It is possible to construct a decision framework based on these precedents with five “bins” representing five possible thresholds, as shown in Figure B-4. At one extreme is data that would be considered identifiable when the cell size is smaller than 3. Next to that are data that are de-identified with a minimal cell size of 3. Given that this is the least de-identified data set, one could choose to disclose such data sets only to trusted entities where the risks are minimal (for example, where a data sharing agreement is in place and the data recipient has good security and privacy practices). At the other end of the spectrum is the minimal cell size of 20. This high level of de-identification is appropriate when the data are publicly released, with no restrictions on or tracking of what is done with the data and who has accessed them.
If the extreme situations cannot be justified in a particular disclosure, an alternative process is needed for choosing one of the intermediate values. In Figure B-4, this is a choice between a value of 5 and a value of 20.
The above framework does not preclude the use of other values (for example, a sponsor may choose to use a threshold value of 25 observations per cell). However, this framework does ground the choices based on precedents of actual data sets.
What Is the Likelihood of Re-identifying Clinical Trial Data Sets?
There has been concern in the health care and privacy communities that the risk of re-identification in data is quite high and that deidentification is not possible (Ohm, 2010). This argument is often sup-
FIGURE B-4 Commonly used risk thresholds based on the review/references in the text.
ported by examples of a number of publicly known re-identification attacks. A systematic review of publicly known re-identification attacks found, however, that when appropriate re-identification standards are used, the risk of re-identification is indeed very small (El Emam et al., 2011a).5 It was only when no de-identification at all was performed on the data or the de-identification applied was not consistent with or based on best practices that data sets were re-identified with a high success rate. Therefore, the evidence that exists today suggests that using current standards and best practices does provide reasonably strong protections against re-identification.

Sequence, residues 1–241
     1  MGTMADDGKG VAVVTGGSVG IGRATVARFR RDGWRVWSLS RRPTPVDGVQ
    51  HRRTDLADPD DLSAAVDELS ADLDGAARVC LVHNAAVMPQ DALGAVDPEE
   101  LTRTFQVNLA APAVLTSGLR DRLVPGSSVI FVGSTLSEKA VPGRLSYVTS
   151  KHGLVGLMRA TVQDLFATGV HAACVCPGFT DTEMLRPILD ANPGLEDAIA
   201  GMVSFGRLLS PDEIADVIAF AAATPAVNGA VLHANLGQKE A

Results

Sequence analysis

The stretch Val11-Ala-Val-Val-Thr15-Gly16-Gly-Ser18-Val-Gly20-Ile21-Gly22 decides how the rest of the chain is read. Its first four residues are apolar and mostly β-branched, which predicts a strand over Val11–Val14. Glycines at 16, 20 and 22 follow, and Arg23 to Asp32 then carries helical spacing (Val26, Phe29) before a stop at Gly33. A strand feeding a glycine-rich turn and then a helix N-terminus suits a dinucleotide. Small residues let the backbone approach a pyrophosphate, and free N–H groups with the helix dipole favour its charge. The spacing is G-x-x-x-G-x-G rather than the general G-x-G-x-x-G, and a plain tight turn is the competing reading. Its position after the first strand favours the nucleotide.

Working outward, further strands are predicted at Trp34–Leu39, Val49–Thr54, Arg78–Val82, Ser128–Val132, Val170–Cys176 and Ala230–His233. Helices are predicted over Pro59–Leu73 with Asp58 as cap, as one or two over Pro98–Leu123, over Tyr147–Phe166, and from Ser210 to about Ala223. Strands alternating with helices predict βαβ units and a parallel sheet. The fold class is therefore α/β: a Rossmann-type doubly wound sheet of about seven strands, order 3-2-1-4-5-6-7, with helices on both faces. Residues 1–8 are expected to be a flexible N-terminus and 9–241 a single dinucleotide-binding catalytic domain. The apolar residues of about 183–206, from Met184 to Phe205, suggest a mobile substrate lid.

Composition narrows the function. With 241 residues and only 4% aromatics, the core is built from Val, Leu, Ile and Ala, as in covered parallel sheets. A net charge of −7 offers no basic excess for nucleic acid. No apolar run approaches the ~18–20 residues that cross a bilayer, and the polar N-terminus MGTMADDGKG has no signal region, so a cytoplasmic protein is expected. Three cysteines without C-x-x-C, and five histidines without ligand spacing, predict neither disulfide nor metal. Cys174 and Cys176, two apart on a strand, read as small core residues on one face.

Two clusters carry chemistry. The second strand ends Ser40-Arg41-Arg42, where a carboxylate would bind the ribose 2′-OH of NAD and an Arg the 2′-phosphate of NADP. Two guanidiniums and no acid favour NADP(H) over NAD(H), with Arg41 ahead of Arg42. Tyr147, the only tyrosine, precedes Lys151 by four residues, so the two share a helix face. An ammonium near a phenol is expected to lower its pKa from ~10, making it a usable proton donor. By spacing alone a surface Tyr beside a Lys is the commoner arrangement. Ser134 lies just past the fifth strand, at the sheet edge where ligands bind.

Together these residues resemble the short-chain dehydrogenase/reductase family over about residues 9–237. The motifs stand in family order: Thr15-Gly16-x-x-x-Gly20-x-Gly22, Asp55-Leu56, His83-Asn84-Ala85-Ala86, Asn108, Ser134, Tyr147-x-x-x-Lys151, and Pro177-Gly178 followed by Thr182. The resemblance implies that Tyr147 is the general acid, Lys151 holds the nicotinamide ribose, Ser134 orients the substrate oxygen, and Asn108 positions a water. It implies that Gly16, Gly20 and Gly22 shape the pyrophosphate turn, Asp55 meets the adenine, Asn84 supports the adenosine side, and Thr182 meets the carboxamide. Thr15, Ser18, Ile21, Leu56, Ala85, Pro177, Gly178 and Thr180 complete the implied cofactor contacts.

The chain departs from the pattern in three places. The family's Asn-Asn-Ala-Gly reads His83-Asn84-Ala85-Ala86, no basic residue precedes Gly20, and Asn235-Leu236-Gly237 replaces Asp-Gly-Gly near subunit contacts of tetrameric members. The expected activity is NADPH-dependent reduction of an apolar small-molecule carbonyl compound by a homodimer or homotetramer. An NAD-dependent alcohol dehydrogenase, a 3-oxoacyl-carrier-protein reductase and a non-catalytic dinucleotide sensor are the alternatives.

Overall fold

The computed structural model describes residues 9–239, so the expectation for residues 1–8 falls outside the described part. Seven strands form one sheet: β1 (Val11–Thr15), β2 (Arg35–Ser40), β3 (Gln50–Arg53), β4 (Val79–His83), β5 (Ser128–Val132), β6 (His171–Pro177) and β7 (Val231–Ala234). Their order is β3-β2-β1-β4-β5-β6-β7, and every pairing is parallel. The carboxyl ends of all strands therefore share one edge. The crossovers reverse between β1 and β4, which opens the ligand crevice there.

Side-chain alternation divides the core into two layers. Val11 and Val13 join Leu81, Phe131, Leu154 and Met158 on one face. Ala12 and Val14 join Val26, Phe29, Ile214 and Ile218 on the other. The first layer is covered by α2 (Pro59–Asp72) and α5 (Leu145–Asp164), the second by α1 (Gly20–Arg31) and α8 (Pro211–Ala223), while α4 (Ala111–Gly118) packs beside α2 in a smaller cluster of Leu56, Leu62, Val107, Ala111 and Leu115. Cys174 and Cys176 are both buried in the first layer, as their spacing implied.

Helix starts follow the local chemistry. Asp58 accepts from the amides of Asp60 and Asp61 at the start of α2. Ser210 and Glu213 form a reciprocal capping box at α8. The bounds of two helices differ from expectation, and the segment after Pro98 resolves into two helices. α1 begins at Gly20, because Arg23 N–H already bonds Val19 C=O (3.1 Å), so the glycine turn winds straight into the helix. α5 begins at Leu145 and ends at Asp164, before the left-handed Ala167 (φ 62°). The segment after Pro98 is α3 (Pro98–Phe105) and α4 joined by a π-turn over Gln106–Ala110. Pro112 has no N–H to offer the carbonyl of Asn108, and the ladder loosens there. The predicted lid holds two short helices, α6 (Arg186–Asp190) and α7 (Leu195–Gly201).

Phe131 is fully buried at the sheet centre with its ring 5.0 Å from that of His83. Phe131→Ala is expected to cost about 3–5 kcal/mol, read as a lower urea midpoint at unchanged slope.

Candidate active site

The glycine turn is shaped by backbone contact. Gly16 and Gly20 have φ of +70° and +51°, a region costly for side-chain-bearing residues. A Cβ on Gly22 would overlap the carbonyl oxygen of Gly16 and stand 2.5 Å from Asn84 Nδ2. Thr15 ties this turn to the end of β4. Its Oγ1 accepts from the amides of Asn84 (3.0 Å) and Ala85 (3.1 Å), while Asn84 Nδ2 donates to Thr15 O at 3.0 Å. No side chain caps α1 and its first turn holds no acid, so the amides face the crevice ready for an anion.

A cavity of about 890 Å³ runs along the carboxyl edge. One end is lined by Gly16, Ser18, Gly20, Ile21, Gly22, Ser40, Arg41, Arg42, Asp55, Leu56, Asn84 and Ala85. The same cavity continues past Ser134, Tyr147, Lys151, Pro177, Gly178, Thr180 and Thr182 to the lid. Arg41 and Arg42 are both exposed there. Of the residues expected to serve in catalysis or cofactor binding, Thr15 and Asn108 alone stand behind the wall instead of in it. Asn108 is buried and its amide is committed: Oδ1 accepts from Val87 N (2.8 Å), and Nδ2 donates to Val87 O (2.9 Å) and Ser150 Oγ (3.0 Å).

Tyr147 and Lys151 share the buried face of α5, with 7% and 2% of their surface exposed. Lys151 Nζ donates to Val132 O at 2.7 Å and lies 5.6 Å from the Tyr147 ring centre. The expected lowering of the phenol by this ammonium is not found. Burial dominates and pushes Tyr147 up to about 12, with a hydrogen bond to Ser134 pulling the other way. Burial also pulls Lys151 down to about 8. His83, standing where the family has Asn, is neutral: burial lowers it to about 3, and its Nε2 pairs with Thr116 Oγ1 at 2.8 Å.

HOW TO MANAGE RE-IDENTIFICATION RISK
Managing re-identification risk means (1) selecting an appropriate risk metric, (2) selecting an appropriate threshold, and (3) measuring the risk in the actual clinical trial data set that will be disclosed. The choice of a metric is a function of whether the clinical trial data set will be released publicly. For public data sets, it is prudent to use maximum risk in measuring risk and setting thresholds. For nonpublic data sets, a strong case can be made for using average risk (El Emam, 2013; El Emam and Arbuckle, 2013).
How to Choose an Acceptable Threshold
Selecting an acceptable threshold within the range described earlier requires an examination of the context of the data themselves. The re-identification risk threshold is determined based on factors characterizing the QI and the data themselves (El Emam, 2010). These factors have been suggested and have been in use informally by data custodians for at least
5 Note that this conclusion does not apply to genomic data sets. A discussion of genomic data sets is provided in the last section of this paper.
the last decade and a half (Jabine, 1993a,b). They cover three dimensions (El Emam et al., 2010), as illustrated in Figure B-5: